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Record number 434655
Title Goodbye park, welcome landscape; reconsidering recreational areas in urban regions
Author(s) Brinkhuijsen, M.
Source In: The Power of Landscape; ECLAS 2012, Warsaw, Poland, 19 - 22 September, 2012. - Warsaw : Warsaw University of Life Sciences-SSGW - ISBN 9788393588404 - p. 285 - 285.
Event Warsaw : Warsaw University of Life Sciences-SSGW - ISBN 9788393588404 The Power of Landscape; ECLAS 2012, Warsaw, Poland, 2012-09-19/2012-09-22
Department(s) Landscape Architecture
WIMEK
Publication type Abstract in scientific journal or proceedings
Publication year 2012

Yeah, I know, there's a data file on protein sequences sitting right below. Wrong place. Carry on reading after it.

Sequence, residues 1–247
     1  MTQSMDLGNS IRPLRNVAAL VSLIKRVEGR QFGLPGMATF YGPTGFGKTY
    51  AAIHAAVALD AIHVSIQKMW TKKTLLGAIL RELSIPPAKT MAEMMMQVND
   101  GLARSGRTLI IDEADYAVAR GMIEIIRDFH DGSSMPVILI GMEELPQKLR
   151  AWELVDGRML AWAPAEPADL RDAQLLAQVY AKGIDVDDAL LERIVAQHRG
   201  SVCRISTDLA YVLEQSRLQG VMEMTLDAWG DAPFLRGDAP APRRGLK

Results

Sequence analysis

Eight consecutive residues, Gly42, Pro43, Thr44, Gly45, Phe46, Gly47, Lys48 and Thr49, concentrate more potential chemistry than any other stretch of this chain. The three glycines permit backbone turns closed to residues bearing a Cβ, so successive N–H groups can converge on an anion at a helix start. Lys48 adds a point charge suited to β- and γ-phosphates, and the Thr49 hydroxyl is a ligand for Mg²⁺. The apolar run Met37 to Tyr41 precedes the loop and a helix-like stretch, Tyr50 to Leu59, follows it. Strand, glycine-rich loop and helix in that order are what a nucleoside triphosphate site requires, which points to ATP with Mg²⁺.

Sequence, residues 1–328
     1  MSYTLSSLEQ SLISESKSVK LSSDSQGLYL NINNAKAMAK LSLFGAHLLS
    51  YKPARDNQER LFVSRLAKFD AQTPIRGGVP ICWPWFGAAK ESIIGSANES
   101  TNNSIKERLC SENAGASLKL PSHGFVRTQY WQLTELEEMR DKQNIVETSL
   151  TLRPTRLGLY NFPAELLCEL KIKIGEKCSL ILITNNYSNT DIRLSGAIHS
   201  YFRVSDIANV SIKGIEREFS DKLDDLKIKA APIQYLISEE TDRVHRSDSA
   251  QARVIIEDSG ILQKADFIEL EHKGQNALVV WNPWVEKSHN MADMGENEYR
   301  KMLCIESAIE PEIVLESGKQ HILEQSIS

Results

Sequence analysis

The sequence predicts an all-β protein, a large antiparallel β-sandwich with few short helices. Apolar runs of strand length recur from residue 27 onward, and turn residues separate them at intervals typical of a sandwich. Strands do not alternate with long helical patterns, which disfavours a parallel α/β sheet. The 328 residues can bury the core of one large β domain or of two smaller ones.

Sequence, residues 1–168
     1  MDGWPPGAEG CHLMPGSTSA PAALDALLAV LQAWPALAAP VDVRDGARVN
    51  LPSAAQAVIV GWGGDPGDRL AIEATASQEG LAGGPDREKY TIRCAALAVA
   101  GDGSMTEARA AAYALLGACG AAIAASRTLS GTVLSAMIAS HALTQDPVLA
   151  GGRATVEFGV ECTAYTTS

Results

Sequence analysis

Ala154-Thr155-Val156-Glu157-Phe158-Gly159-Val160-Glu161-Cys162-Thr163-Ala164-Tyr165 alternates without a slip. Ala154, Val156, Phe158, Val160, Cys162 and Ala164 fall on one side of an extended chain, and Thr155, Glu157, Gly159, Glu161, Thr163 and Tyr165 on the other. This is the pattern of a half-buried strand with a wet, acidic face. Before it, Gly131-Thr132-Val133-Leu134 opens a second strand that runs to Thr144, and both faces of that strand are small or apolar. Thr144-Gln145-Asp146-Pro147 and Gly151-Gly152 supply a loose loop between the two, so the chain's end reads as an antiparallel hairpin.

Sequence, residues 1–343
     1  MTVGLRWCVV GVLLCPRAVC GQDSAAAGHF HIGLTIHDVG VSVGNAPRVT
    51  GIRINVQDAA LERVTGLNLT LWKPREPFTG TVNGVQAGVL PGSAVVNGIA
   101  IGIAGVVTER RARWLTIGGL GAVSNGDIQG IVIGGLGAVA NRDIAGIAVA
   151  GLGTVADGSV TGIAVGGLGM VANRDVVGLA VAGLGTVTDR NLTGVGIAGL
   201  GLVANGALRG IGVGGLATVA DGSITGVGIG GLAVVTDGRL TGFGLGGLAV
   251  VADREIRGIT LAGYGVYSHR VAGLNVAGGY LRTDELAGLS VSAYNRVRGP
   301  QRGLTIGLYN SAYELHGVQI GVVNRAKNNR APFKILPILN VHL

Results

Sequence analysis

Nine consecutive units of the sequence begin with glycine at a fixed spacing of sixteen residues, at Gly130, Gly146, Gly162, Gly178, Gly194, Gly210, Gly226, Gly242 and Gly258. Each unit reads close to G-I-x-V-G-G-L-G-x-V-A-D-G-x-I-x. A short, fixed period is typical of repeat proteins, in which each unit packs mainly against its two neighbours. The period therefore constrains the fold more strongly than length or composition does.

Abstract Policy and planning strategies on recreation areas in the Netherlands have been dominated by quantitative arguments for decades. It is true that sufficient recreation facilities lack in some regions, but there is also an appalling lack of quality in existing recreation areas. Many areas are mono-functional greenbelts with recreational facilities that are hardly discernable from other areas; they look worn out and have no identity. At the same time, studies show that people prefer the countryside to constructed recreation parks and that their appreciation of constructed recreation areas is declining. In this paper I will argue that the major issue is not quantitative but qualitative and that – since space is scarce in highly populated areas like the Netherlands –the focus must be on restructuring existing areas instead of creating more areas with identical problems. Restructuring existing recreation areas requires a different approach. Old images and procedures won’t work anymore. The new questions require clear perspectives, flexibility, sensibility and size-fit solutions, as some successful examples show. First, a clear idea of the meaning of recreation areas and their mutual relation is the basis for future redevelopment. Second, a contemporary and diverse program of recreational facilities is necessary, but not enough. It turns out that inadequate spatial organization and inconsistent images are often the major cause of decreasing attractiveness. Third, many recreation areas in the urban periphery are in fact just expanded city parks and are simply too large to be a successful park. Redevelopment must be based on a concentration of park functions and the creation of new, contemporary landscapes that provide an attractive environment for man, flora and fauna; and produce clean water, clean air, energy and food. Thus we can create more sustainable landscapes and cities. A similar approach counts for areas that do require more green recreational facilities; adding recreational facilities to existing agricultural landscapes is more appropriate than replacing these landscapes with constructed recreation parks. Good accessibility and a clear identity are major prerequisites. And, last but not least, the involvement and cooperation of local stakeholders and communities is essential to create sustainable, living landscapes.
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